Controlled oscillation module 18 may utilize inductor-capacitor oscillators to produce an output oscillation. By utilizing inductor-capacitor oscillators in comparison to ring oscillators, the noise levels of controlled oscillation module 18 are reduced.

As illustrated, receiver clocking module 102 includes two phase locked loops, one is a fine phase locked loop based on the data and the other is a coarse phase locked loop based on reference clock 142. Such sequential phased locked loop enables the receiver section to readily capture the inbound serial data. As one of average skill in the art will appreciate, receiver clocking module 102 may use single-ended signals or differential signals.

FIG. 11 illustrates an alternate embodiment of transceiver 100 that includes serial-to-parallel module 104, parallel-to-serial module 204, and clock recovery circuit 10. In operation, the clock recovery circuit 10 may be implemented as the transmitter clocking circuit 202 illustrated in FIG. 9 or, a portion thereof, and/or a combination thereof to produce at least one reference clock 150. The at least one reference clock 150 is provided to both the serial-to-parallel module 104 and the parallel-to-serial module 204.

The serial-to-parallel module 104 receives inbound serial data 101 and produces inbound parallel data 108 therefrom. The parallel-to-serial module 204 receives outbound parallel data 206 and produces outbound serial data 210 therefrom.

The invention disclosed herein is susceptible to various modifications and alternative forms. Specific embodiments therefore have been shown by way of example in the drawings and detailed description. It should be understood, however, that the drawings and detailed description thereto are not intended to limit the invention to the particular form disclosed, but on the contrary, the invention is to cover all modifications, equivalents and alternatives falling within the spirit and scope of the present invention as defined by the claims.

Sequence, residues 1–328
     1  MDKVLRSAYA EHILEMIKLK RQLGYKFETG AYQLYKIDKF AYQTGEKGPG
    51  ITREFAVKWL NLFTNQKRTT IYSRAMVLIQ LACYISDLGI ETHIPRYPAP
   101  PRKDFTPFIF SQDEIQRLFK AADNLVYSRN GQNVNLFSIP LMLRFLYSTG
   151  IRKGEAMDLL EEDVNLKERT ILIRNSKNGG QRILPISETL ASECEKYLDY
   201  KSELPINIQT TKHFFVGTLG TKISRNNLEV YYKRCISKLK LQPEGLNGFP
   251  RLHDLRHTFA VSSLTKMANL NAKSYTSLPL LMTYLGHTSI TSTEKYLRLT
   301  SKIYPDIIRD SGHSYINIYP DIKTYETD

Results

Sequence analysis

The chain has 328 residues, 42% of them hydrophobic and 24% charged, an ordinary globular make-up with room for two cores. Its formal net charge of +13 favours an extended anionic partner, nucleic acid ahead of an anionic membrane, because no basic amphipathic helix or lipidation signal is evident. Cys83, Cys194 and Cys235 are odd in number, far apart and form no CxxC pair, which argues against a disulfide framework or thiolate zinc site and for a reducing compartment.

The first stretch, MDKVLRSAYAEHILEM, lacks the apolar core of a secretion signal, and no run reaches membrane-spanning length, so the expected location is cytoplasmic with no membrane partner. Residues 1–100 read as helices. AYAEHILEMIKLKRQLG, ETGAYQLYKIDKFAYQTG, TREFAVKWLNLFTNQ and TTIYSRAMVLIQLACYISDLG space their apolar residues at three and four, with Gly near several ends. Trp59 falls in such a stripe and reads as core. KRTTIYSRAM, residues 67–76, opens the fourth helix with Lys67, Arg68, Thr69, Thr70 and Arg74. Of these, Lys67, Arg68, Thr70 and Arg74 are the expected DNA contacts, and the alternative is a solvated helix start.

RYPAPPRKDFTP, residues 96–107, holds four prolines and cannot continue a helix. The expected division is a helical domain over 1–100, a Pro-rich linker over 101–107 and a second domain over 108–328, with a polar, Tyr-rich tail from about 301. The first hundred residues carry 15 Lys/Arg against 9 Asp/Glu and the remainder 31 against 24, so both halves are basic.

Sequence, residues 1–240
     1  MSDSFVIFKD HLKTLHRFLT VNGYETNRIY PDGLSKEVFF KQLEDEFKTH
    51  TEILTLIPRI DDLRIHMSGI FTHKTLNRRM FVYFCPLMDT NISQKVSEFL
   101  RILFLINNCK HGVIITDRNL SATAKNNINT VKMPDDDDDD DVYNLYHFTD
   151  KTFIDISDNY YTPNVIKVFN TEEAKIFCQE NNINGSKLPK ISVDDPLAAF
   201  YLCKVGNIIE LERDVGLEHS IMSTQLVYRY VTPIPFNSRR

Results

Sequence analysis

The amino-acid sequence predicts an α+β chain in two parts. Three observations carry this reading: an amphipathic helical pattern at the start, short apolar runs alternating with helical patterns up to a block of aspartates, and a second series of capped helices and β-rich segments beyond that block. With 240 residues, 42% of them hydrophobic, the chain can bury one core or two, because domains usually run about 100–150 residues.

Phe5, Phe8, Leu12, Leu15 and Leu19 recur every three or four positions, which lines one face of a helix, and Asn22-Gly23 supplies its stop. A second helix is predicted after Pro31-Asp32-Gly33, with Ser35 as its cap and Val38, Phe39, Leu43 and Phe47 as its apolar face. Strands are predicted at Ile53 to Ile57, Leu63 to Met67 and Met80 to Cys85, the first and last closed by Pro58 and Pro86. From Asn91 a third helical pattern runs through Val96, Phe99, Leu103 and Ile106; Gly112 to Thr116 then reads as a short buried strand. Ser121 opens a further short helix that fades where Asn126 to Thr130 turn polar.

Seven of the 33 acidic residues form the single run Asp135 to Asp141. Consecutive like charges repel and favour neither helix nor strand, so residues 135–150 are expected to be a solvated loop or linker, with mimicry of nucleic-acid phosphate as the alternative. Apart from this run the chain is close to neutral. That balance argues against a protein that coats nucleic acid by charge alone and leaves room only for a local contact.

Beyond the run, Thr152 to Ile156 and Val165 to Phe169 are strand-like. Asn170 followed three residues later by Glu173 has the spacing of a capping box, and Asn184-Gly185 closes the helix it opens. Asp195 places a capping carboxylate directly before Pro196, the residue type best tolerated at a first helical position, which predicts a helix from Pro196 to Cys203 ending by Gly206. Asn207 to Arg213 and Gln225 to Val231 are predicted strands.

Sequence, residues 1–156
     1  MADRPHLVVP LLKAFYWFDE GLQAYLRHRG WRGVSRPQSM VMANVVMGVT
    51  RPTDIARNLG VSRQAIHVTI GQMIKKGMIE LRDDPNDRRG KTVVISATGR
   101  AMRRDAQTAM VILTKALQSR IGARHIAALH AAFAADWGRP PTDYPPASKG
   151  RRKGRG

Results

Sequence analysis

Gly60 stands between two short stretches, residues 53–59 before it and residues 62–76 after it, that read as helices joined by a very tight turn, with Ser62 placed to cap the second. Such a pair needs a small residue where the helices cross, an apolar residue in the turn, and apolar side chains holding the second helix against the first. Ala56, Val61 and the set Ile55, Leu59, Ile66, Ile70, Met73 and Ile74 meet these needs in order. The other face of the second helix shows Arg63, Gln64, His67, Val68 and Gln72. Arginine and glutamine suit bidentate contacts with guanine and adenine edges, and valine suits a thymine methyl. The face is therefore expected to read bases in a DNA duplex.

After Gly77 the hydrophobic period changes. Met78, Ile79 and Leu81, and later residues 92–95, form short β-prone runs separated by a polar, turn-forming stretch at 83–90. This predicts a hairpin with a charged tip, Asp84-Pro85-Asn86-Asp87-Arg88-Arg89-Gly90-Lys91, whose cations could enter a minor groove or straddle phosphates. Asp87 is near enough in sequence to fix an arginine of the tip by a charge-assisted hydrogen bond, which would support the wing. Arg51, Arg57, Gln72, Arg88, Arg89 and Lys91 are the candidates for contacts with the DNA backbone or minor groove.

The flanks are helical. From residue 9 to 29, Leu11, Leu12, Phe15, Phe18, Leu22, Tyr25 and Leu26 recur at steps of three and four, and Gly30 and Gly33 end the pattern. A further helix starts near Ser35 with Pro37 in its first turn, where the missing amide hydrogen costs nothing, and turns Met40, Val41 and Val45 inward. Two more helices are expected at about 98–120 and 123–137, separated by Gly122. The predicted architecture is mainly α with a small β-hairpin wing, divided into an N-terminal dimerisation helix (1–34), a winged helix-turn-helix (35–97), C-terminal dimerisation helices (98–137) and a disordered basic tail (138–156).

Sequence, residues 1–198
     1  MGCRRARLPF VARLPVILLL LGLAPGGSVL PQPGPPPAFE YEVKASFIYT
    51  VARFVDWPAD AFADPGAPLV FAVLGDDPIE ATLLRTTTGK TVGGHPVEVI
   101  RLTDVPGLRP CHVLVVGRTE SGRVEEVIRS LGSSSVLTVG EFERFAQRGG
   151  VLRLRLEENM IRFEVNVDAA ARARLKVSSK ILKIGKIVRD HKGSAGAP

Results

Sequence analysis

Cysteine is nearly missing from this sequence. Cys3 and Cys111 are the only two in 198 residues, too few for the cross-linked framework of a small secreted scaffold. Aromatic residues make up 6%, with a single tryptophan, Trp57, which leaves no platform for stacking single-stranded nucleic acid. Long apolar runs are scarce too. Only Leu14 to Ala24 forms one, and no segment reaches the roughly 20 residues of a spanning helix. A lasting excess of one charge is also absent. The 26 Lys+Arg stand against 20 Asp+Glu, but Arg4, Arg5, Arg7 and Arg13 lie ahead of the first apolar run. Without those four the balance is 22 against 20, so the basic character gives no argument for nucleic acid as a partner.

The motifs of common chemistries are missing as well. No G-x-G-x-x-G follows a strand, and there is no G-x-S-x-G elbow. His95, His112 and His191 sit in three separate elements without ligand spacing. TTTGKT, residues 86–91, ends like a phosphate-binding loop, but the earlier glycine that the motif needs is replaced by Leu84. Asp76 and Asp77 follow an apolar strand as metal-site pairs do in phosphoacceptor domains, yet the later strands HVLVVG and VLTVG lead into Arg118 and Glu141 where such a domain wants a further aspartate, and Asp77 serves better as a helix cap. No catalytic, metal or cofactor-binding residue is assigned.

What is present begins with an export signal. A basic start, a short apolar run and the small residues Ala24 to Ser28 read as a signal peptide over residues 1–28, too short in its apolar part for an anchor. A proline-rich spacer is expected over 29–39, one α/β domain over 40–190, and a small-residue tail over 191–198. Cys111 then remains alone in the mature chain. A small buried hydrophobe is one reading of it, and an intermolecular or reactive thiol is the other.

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Classifications
U.S. Classification375/219, 375/374, 375/376, 375/375
International ClassificationH04L7/033, H03D13/00, H03L7/089, H03L7/10, H03L7/087
Cooperative ClassificationH03L7/10, H04L7/0331, H03D13/003, H03L7/091, H03L7/0896, H03L7/087
European ClassificationH03D13/00B, H03L7/089C4D, H03L7/087, H03L7/10, H04L7/033B
Legal Events
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Mar 14, 2013FPAYFee payment
Year of fee payment: 8
May 12, 2009FPAYFee payment
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Jan 17, 2003ASAssignment
Owner name: XILINX, INC., CALIFORNIA
Free format text: ASSIGNMENT OF ASSIGNORS INTEREST;ASSIGNORS:BRUNN, BRIAN T.;YOUNIS, AHMED;ROKHSAZ, SHAHRIAR;REEL/FRAME:013686/0496
Effective date: 20030115